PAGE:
Studies suggest that at least one third of the people we know are introverts. They are the ones who prefer listening to speaking, reading to partying; who innovate and create, but dislike self-promotion; who favor working on their own over brainstorming in teams. Although they are often labeled “quiet,” introverts are responsible for many great contributions to society—from van Gogh’s sunflowers to the invention of the personal computer.
If many of the most creative people are introverts, this is partly because of their capacity for quiet. Introverts are careful, reflective thinkers who can tolerate the solitude necessary for idea-generation. On the other hand, implementing good ideas requires cooperation, and introverts are more likely to prefer cooperative environments, while extroverts favor competitive ones.
Our schools, workplaces, and religious institutions are designed for extroverts, and many introverts believe that there is something wrong with them and that they should behave as extroverts. “Our bias against introversion leads to a colossal waste of talent, energy, and, ultimately, happiness,” says Susan Cain.
Passionately argued, impressively researched, and filled with indelible stories of real people, Quiet has the power to permanently change how we see introverts and—more importantly—how they see themselves.
Leaders Eat Last
In this follow-up to the bestseller Start with Why, Simon Sinek’s mission is to help people wake up every day inspired to go to work and return home every night fulfilled by their work. His first book, Start with Why, offered the essential starting point, explaining the power of focusing on why we do what we do, before getting into the details of what and how.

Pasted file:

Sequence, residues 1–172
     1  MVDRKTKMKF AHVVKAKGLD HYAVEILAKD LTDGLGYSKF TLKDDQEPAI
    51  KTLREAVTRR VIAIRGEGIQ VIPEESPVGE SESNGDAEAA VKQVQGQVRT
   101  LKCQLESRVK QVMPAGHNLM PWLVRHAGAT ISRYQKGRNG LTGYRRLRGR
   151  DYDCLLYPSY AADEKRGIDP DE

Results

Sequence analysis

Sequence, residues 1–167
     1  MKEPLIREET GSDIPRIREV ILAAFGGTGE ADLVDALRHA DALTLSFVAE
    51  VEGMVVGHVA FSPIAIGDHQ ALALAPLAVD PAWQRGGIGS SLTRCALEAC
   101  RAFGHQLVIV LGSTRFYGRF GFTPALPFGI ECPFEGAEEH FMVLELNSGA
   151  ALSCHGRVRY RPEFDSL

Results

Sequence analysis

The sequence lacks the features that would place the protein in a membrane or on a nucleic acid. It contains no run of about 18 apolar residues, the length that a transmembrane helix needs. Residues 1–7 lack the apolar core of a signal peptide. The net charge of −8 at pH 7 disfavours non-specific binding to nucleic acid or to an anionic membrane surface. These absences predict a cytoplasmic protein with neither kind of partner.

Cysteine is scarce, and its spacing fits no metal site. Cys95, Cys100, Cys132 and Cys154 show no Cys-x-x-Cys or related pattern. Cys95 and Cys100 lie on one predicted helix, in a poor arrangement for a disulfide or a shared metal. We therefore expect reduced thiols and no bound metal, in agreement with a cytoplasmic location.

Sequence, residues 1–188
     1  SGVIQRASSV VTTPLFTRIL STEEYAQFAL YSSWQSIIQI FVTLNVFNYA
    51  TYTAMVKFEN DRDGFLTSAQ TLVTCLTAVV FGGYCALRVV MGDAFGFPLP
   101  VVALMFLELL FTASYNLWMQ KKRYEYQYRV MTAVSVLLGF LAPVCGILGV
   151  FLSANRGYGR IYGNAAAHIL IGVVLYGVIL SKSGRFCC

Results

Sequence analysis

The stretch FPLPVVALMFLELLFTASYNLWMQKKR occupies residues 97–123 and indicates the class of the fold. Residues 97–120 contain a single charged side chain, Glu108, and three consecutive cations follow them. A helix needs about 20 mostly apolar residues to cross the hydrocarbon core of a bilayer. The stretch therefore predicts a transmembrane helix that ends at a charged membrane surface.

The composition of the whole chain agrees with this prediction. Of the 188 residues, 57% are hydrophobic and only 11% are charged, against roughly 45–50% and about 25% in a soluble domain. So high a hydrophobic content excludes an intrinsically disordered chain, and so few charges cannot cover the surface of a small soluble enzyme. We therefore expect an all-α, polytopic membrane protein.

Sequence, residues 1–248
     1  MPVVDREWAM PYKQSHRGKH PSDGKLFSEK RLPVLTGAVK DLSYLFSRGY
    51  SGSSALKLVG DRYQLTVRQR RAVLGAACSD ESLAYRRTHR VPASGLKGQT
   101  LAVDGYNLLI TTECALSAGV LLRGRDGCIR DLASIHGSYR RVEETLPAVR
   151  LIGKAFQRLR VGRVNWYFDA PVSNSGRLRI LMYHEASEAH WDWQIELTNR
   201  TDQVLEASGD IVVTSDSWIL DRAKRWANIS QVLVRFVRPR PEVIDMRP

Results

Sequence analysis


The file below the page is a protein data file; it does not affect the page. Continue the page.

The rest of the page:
In Leaders Eat Last, Sinek reveals the next step in creating happier and healthier organizations. He helps us understand, in simple terms, the biology of trust and cooperation, and why they’re essential to our success and fulfillment. Organizations that create environments in which trust and cooperation thrive vastly outperform their competition.
But “truly human” cultures don’t just happen; they are intentionally created by great leaders. Leaders who, in hard times, would sooner sacrifice their numbers to protect their people, rather than sacrifice people to protect their numbers, are rewarded with deeply loyal teams that consistently contribute their best efforts, ideas and passion.
Sinek illustrates his points with fascinating true stories from many fields. Imploring us to act sooner rather than later “because our stressful lives are killing us,” he offers surprisingly simple steps for building a truly human organization.
“Since direct selling networks or tribes are so diverse and often transitory,” says Corey Citron, “this book will help leaders to grow a more unified, resilient culture that is less susceptible to economic turmoil and built to stand the test of time.”